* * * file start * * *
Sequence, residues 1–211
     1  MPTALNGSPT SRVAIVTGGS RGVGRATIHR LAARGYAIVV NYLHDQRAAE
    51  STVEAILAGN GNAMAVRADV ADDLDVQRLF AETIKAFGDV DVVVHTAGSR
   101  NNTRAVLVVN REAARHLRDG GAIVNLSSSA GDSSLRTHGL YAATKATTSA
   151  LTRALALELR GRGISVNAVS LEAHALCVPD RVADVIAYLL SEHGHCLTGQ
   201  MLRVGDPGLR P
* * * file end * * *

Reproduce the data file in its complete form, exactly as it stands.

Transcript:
Sequence, residues 1–211
     1  MPTALNGSPT SRVAIVTGGS RGVGRATIHR LAARGYAIVV NYLHDQRAAE
    51  STVEAILAGN GNAMAVRADV ADDLDVQRLF AETIKAFGDV DVVVHTAGSR
   101  NNTRAVLVVN REAARHLRDG GAIVNLSSSA GDSSLRTHGL YAATKATTSA
   151  LTRALALELR GRGISVNAVS LEAHALCVPD RVADVIAYLL SEHGHCLTGQ
   201  MLRVGDPGLR P